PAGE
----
In January 1997, six legal actions were filed against ITT Educational Services Inc in San Diego, California by a total of 21 former students of the San Diego ITT Technical Institute. The claims alleged related primarily to the Company's marketing and recruitment practices and included misrepresentation and violations of certain state statutes.[41]

In June 1997, a legal action was filed against ITT Educational Services Inc in Orlando, Florida by three former students of the Maitland ITT Technical Institute. In April 1998, the legal action in Florida was dismissed without prejudice by the plaintiffs.[42]

April 1998, a legal action was filed against ITT Educational Services Inc in San Diego, California by nine former students who attended the hospitality program at either the Maitland or San Diego ITT Technical institute. The claims alleged related primarily to the Company's marketing and recruitment practices and included misrepresentation and violations of certain state statutes.[43]

Campus locations[edit]

Alabama

Bessemer (Birmingham)

Arkansas

Little Rock

Arizona

Tempe
Tucson

California

Anaheim
Clovis
Culver City
Lathrop (Modesto-Stockton)
Oxnard
Rancho Cordova
San Bernardino
San Diego
San Dimas
Sylmar
Torrance
Vista (Learning Site)
West Covina (Learning Site)

Colorado

Colorado
Aurora (Learning Site)

Florida

Fort Lauderdale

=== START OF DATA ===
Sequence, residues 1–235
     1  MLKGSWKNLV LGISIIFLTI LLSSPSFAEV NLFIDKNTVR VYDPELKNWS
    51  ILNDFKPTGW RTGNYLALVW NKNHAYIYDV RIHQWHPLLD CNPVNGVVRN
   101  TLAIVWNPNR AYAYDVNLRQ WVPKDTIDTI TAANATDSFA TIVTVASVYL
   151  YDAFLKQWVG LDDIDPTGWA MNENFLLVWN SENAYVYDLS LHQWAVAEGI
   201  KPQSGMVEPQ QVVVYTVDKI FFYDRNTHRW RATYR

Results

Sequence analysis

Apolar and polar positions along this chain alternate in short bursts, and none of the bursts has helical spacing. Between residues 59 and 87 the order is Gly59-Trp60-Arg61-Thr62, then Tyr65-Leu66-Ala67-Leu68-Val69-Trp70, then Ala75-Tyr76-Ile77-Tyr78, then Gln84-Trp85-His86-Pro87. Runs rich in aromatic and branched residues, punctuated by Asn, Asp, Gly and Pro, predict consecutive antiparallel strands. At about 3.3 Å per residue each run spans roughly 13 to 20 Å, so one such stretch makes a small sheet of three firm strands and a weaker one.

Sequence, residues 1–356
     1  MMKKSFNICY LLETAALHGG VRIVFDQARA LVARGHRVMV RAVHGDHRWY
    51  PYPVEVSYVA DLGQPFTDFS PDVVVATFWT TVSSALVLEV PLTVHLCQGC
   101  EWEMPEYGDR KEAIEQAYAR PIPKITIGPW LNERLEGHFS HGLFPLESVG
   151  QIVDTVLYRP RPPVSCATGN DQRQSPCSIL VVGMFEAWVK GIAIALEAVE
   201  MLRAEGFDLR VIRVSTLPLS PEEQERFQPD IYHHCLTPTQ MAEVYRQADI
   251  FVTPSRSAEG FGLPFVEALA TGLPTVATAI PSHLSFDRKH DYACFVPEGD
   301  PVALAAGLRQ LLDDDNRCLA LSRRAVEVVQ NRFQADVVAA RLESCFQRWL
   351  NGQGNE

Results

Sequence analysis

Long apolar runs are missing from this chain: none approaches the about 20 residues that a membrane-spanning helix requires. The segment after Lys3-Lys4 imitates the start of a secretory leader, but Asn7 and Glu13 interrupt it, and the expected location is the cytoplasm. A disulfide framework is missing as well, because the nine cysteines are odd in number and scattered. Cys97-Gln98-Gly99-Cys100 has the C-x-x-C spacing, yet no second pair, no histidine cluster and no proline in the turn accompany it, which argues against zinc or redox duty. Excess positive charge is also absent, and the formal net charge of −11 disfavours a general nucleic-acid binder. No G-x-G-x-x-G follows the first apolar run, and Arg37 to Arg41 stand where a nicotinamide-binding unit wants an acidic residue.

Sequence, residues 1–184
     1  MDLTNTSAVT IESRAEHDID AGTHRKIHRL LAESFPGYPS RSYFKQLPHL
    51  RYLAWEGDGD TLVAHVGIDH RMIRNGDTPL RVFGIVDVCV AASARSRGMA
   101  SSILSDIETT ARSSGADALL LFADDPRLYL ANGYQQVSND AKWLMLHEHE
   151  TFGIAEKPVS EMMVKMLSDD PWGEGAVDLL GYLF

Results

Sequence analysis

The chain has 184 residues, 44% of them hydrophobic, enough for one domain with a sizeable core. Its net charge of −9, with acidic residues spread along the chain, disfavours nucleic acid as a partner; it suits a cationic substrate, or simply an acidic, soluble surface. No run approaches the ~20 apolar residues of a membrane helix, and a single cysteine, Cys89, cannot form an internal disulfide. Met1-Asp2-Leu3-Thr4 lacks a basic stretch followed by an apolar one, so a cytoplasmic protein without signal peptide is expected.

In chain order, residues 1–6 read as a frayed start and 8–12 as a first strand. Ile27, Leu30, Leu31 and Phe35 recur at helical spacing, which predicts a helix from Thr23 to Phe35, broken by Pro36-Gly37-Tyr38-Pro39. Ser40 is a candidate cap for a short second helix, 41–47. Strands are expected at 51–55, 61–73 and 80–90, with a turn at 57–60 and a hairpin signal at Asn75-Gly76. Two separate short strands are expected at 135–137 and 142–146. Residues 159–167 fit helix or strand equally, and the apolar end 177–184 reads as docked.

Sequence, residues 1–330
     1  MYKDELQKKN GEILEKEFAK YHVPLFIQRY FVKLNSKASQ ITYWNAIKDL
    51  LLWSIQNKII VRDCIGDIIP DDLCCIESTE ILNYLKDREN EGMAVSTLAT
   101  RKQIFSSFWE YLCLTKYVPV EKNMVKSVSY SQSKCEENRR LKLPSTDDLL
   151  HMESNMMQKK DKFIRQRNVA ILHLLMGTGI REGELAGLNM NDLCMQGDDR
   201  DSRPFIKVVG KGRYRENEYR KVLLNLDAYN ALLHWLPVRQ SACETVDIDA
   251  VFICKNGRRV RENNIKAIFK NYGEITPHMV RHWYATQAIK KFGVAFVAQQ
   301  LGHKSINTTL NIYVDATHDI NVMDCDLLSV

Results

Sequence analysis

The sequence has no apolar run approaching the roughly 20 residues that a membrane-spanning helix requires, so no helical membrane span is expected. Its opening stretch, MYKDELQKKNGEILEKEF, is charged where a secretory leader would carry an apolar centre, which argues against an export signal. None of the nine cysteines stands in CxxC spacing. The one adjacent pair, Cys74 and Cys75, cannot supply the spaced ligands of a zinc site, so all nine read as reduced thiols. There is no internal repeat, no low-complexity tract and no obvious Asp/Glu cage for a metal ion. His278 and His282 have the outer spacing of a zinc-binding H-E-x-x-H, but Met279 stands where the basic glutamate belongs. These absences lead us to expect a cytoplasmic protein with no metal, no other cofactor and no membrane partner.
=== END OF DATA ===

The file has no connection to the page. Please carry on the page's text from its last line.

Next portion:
Jacksonville
Lake Mary (Orlando)
Miami
Pinellas Park
Tampa

Georgia

Duluth (NE Atlanta)
Kennesaw (NW Atlanta)

Idaho

Boise

Illinois

Burr Ridge
Orland Park
Mount Prospect

Indiana

Fort Wayne
Indianapolis
Greenwood (Learning Site)
Newburgh (Evansville)

Kentucky

Lexington
Louisville

Louisiana

St. Rose (New Orleans)

Massachusetts

Boston North (Woburn)
Boston South (Norwood)

Maryland

Owings Mills (Baltimore)

Michigan

Canton (SW Detroit)
Dearborn (Learning Site)
Flint
Grand Rapids
Troy (NE Detroit)
Clinton Township (Learning Site)

Minnesota

Eden Prairie (Minneapolis)
Woodbury (Learning Site)

Missouri

Arnold (SE St. Louis)
Earth City (NW St. Louis)
Kansas City

North Carolina

Charlotte

Nebraska

Omaha

New Mexico

Albuquerque

Nevada

Henderson
Las Vegas (Learning Site)

New York

Albany
Liverpool (Syracuse)
Getzville (Buffalo)

Ohio

Dayton
Hilliard (Colombus)
Maumee (Toledo)
Norwood (Cincinnati)
Strongsville (W. Cleveland)
Warrensville Heights (E. Cleveland)
Youngstown

Oklahoma

Oklahoma City
Tulsa

Oregon

Portland

Pennsylvania

Bensalem (NE of Philadelphia)
Dunmore (Wilkes-Barre/Scranton)
King of Prussia (NW of Philadelphia)
Mechanicsburg (Harrisburg)
Monroeville (Eastern Pittsburgh)
Pittsburgh (Western Pittsburgh)

South Carolina

Columbia
Greenville

Tennessee

Knoxville
Cordova (Memphis)
Nashville

Texas

Arlington (Fort Worth)
Austin
Houston North (Blue Ash Drive)
Houston South (Webster)
Houston West (South Gessner)
Richardson (Dallas)
San Antonio

Utah

Murray

Virginia

Chantilly (N VA/West of DC)
Norfolk
Richmond
Springfield (N VA/South of DC)

Washington

Everett (North Seattle)
Seattle (South Seattle)
Spokane

Wisconsin

Green Bay
Greenfield (Greater Milwaukee)

References[edit]

  1. ^ a b c d Dealing in Diplomas, For the University of Phoenix, college is a big business - and getting bigger, The Dallas Morning News, February 28, 2004 by Katherine Yung